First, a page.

A number of readers have posted thoghtful questions over the past few weeks, to which I haven't related, mostly for lack of time. I have however made myself a list of comments I should respond to by and by. Here's one.
A reader asked me what my position is on Tikkun Olam, the Hebrew term which literally means "fixing the world", and which has become a recognized term in English, at least in broad circles of progressive thinkers in America but perhaps also beyond; I expect Richard Goldstone sooner or later will tell us he's engaging in Tikkun Olam.
Judaism is a very (very) old religion, and it pre-dates all the major ideological fault lines of the modern world by two or three millennia. So in that context, it's meaningless to speculate what "traditional Judaism" thought about the role of government in redressing the woes of society, for example. The Bible says nothing about health care one way or the other, and the Talmud has no position on international law. True, some of the most visionary and uplifting sentiments in human history come from the Bible - the aspiration to a world without war, and a world ruled by justice (until you begin to look closer and it turns out mercy may trump justice). Yet the same Bible - sometimes, the very same prophets - also contains some extraordinarily harsh sentiments about the fate of evil people and evil nations.
Anyway, traditional Judaism as developed by the Pharisees - the only group that culturally survived the cataclysm of the destructions of the first and third centuries - was a practical culture, and mostly shied away from visionary meta-schemes. Tikkun Olam is a perfect case. It's a Talmudic term, and as I've explained here, and also here, it doesn't mean what the English language thinks it means. Tikkun Olam in Talmudic tradition is a legal mechanism for resolving some kinds of complications which can arise from pedantic readings of the law.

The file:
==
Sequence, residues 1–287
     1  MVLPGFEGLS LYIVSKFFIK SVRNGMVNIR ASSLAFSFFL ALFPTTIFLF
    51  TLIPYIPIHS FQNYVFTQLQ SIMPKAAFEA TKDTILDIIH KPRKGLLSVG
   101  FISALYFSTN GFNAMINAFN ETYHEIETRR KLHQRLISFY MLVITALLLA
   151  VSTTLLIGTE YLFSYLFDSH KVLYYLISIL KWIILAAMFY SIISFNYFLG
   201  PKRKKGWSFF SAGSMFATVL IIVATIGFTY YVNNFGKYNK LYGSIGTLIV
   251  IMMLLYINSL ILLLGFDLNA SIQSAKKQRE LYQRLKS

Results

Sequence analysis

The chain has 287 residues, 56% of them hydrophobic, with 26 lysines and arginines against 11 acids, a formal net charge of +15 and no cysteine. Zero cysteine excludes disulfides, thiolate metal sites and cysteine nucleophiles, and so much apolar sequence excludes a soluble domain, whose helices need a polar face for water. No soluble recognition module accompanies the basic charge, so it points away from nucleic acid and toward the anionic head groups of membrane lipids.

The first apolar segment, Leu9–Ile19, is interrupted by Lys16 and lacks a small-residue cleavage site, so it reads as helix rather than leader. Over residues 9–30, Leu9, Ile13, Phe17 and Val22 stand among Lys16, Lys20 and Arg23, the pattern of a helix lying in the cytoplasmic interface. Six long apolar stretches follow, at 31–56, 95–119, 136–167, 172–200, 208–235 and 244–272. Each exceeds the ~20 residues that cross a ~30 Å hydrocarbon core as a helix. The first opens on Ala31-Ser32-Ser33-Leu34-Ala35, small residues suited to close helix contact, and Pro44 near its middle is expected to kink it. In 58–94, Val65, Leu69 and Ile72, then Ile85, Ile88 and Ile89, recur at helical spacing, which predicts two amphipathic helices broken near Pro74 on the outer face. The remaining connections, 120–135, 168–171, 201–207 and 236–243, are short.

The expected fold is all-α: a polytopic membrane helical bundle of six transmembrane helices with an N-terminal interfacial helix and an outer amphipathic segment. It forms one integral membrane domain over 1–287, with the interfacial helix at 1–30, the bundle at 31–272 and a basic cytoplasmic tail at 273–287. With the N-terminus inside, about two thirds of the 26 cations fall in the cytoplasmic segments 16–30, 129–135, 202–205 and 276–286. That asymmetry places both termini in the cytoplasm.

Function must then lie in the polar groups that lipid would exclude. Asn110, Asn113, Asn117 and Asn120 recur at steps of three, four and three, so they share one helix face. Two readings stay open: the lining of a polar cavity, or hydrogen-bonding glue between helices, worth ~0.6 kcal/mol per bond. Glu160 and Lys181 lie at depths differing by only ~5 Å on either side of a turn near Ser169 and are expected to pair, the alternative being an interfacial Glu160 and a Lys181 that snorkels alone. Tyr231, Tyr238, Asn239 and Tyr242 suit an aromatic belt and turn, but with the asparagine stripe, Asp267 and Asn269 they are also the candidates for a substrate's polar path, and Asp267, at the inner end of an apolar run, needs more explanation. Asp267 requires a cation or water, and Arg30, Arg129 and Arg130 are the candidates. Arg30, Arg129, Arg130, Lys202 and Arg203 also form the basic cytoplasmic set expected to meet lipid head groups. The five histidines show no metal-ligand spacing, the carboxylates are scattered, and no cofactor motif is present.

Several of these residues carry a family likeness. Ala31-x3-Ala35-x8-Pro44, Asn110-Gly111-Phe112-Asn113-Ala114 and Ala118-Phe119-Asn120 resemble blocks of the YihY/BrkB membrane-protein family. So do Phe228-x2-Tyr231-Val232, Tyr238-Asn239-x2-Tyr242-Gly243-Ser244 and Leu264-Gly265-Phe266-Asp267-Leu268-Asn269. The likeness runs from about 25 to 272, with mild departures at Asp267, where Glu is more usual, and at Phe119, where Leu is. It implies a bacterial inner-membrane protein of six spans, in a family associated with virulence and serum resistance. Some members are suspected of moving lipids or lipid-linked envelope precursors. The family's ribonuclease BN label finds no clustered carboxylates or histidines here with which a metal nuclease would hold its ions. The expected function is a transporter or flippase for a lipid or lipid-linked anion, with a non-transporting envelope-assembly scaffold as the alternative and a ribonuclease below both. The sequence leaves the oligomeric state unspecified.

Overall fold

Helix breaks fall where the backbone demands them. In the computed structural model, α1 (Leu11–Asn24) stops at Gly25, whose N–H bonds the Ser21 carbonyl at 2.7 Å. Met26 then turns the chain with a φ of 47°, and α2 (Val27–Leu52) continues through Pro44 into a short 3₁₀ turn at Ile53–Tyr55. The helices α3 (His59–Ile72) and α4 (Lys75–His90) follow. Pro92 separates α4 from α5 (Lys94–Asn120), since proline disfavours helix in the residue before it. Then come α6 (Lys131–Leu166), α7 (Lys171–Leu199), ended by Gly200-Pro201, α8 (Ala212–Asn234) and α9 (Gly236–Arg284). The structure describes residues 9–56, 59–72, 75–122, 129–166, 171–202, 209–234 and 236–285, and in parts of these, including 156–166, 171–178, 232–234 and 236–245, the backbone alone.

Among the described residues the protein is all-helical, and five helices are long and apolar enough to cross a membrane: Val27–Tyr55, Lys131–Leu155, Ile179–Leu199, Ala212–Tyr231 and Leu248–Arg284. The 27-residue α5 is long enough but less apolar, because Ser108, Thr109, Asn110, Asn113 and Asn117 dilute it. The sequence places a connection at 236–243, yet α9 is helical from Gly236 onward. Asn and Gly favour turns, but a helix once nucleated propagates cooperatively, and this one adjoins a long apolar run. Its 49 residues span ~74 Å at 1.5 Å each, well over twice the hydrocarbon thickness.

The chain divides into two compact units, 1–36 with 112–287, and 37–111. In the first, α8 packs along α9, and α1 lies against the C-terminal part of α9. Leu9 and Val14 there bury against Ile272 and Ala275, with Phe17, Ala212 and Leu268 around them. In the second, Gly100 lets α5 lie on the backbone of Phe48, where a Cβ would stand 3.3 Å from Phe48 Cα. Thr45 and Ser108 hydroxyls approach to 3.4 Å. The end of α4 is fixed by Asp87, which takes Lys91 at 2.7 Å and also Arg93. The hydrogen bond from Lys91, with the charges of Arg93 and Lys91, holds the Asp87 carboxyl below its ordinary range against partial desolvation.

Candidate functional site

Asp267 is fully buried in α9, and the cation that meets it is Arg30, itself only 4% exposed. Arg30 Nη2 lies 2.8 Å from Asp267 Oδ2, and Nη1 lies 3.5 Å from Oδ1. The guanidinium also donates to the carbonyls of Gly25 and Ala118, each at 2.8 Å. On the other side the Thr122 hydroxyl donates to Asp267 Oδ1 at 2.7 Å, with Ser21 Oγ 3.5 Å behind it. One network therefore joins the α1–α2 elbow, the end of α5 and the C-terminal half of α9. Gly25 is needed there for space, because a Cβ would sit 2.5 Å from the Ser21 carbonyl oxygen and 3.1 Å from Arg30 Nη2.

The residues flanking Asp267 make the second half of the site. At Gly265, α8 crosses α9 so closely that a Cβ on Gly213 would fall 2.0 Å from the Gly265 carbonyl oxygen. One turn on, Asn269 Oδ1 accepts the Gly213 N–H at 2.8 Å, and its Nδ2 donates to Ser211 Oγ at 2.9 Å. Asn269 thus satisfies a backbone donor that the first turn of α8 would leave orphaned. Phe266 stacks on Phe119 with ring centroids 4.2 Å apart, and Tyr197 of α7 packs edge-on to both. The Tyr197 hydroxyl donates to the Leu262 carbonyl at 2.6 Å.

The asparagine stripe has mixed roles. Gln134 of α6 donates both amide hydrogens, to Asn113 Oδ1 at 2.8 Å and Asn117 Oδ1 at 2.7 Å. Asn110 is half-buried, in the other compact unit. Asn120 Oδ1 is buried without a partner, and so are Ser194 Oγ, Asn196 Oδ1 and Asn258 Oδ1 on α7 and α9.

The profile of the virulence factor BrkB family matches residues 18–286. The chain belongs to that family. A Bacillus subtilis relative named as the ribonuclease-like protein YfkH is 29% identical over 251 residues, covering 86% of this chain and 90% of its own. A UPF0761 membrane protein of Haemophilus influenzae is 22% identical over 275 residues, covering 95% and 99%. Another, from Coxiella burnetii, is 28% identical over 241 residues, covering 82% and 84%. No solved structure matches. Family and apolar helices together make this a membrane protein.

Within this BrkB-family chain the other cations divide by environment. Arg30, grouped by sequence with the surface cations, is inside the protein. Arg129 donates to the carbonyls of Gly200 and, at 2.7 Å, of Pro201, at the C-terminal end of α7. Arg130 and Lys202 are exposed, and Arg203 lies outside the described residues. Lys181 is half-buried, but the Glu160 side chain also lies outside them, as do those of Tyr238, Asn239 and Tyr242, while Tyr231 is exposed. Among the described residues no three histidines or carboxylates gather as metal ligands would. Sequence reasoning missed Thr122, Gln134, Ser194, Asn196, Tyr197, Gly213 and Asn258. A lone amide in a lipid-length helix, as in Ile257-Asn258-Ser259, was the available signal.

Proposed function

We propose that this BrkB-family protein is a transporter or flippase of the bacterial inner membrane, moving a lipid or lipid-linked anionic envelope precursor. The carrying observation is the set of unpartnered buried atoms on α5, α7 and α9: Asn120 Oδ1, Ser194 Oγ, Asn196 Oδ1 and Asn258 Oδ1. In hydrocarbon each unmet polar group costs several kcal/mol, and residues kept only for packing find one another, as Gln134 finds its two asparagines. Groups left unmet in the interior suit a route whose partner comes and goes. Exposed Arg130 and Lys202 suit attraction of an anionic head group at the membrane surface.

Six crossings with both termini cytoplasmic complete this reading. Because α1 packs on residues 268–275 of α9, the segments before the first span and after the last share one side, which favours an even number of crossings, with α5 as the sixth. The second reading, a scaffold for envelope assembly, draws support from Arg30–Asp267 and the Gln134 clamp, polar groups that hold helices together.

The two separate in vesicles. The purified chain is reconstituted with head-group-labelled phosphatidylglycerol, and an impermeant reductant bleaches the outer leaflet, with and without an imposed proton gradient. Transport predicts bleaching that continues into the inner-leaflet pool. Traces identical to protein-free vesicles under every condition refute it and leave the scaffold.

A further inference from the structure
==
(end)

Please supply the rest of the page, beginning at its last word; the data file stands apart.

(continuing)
So you've got some Biblical prophetic statements that contain a yearning for a theoretical perfected world (but no program to reach it). You've got the earthy rabbinic scholars who don't worry about perfection of the world and focus on the here and now. To be fair, in the middle ages there are once more Jewish voices that talk about perfecting the world, indeed, perfecting all of existence; some of those strains of thought then made their way into Hassidic Judaism, three hundred years ago - but I really don't think there's much affinity between those ideas and the ones of rabbi Lerner at Tikkun Magazine. The contemporary Tikkun Olam thinkers may not be earthy and pragmatic, but they're hardly religious mystics in the meaning of the Kabala.
Where did the modern usage of Tikkun Olam come from? I don't know. If any reader wishes to point us at some way of finding out, be my guest. I expect that if someone were to trace the lineage, it would be something like 18th century Enlightenment, French Revolution, then the more radical parts of the French Revolution, from there to the utopian strands of 19th century European thought -and about that time, newly enlightened Jews leaving their ghettos and joining the general European discussion, liking one of the camps and going back to their own sources to prove that Judaism said the same thing - which it probably didn't, but that was irrelevant.
This is a subject worthy of more than a blog post, but that's what I'm offering at the moment.